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Tuesday Spring Training Notes

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We're still in that weird phase of spring training where nothing is actually happening, but guys are in Arizona and Florida frantically writing about all of it. So here's some...

Ryan Braun is going to get his shot, but that means he'll have to field third base like...a third baseman:

With third baseman Corey Koskie still recovering from post-concussion syndrome and not ready to participate at the outset of camp, Braun figures to get a solid chance to show what he can do. What Yost wants to see, primarily, is defensive improvement.

"To his credit, he's very serious about it," Yost said. "He knows where we stand."

Whether you like stats or scouts, Braun leaves a lot to be desired in the field. He could always improve, but generally players don't magically learn how to play the field, they move to easier positions. It'd be wonderful if Braun did improve; it would certainly make sense for the future of the team, especially now that Bill Hall has been moved away from the position.

Speaking of defense, Adam's most recent mailbag was posted yesterday, and he addresses the outfield defense (which it didn't even occur to me was something to be worried about):

Here are the optimistic answers: Hall is a great athlete, and if he can play Gold Glove-caliber shortstop like he did last season, he shouldn't have any trouble with center field. Hart has only had a few seasons of work in the outfield, he continues to get better and he can always rely on his speed to partially make up for poor breaks. Mench can only improve over his defense during the second half of last season.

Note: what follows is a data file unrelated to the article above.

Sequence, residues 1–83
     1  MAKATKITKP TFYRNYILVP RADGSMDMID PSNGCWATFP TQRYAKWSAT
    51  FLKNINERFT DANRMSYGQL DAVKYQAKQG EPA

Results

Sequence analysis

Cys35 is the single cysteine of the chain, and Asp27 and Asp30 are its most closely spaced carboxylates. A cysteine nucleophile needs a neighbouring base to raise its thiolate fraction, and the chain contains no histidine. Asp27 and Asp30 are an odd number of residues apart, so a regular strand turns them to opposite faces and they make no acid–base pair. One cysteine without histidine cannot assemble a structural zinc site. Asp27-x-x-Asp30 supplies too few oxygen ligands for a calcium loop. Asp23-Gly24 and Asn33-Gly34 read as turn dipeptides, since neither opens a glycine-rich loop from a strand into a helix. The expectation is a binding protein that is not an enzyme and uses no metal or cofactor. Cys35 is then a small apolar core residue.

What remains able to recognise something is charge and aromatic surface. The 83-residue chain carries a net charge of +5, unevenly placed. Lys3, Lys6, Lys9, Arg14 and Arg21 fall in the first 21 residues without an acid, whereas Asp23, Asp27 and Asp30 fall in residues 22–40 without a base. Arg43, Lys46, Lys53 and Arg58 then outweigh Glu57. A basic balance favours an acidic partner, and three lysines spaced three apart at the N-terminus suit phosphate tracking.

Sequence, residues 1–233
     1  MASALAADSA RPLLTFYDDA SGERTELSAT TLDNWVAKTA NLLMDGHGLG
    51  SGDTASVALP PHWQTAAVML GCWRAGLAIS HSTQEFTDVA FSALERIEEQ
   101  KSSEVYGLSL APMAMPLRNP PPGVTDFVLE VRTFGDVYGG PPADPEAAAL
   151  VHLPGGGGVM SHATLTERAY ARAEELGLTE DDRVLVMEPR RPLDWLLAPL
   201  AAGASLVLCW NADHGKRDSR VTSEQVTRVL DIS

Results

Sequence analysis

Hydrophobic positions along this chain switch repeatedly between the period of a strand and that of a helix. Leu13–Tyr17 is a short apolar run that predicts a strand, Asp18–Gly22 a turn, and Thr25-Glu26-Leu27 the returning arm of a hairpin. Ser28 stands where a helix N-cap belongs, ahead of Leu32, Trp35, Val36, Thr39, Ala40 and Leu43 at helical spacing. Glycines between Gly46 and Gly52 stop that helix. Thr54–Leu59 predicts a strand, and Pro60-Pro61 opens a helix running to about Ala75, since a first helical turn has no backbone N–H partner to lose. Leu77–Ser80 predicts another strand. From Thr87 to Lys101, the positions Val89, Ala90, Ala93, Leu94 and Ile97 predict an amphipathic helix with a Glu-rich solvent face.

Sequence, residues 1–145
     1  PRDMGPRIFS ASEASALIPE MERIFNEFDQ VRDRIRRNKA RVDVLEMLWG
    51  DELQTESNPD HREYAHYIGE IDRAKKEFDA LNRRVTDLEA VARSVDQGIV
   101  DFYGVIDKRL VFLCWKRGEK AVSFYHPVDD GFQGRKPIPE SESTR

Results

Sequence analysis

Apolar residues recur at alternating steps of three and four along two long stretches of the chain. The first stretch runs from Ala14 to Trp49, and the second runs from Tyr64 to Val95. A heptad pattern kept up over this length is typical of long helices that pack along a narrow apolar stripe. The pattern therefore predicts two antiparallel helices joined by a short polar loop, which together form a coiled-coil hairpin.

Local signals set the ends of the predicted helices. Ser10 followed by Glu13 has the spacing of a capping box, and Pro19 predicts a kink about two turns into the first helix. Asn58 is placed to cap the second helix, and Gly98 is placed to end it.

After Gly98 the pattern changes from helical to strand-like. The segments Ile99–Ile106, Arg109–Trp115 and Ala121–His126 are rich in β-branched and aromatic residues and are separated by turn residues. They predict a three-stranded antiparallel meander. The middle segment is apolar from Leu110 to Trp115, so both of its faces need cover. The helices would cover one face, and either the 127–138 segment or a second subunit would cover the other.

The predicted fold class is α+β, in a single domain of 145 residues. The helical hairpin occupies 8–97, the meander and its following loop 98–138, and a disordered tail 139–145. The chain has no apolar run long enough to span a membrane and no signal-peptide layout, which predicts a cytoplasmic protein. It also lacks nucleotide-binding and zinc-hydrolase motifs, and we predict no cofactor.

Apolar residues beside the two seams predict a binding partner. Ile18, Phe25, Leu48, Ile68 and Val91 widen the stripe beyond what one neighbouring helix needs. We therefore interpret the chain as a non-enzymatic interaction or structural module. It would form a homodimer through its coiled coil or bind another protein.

The reason the Brewers moved Hall to the outfield was to get his bat in the lineup. If that group hits, they can more than make up for their defensive imperfections.

Speaking of outfield defense, the Crawfish Boxes has an interesting take on that:
Yet it's a funny thing: everybody likes to talk about defense, but nobody wants to do anything about it. With the spectre of the worst outfield defense in franchise history hanging over the 2007 team as they open camp, not one person thinks that we oughtn't to throw the defensive dogs even one bone?
He talking about the Astros, but the general sentiment applies to everybody. Even though people talk about defense more (and more confidently, with more numbers) than at any other time in recent memory, it doesn't always extend to the outfield, especially the corners.

Until he moved to right field, Jenkins was one of the best defensive outfielders in the game. He was a truly valuable player in his prime, in part because he was the best in the game at his position. He could offer the same this year back in left, even if his bat doesn't return to form.

I agree with Adam's optimistic assessment: Billy is a great athlete, he was a great shortstop, and those skills translate to center field. We'll see some ugly mistakes occasionally, I'm sure, but by the all-star break, that'll all be a memory. I wouldn't be surprised if, in 2008, Billy was one of the best defensive center fielders in the game.

Finally, here's Adam's notes column for the day in Arizona, including lots of stuff on Dennis Sarfate and Johnny Estrada's catching skills.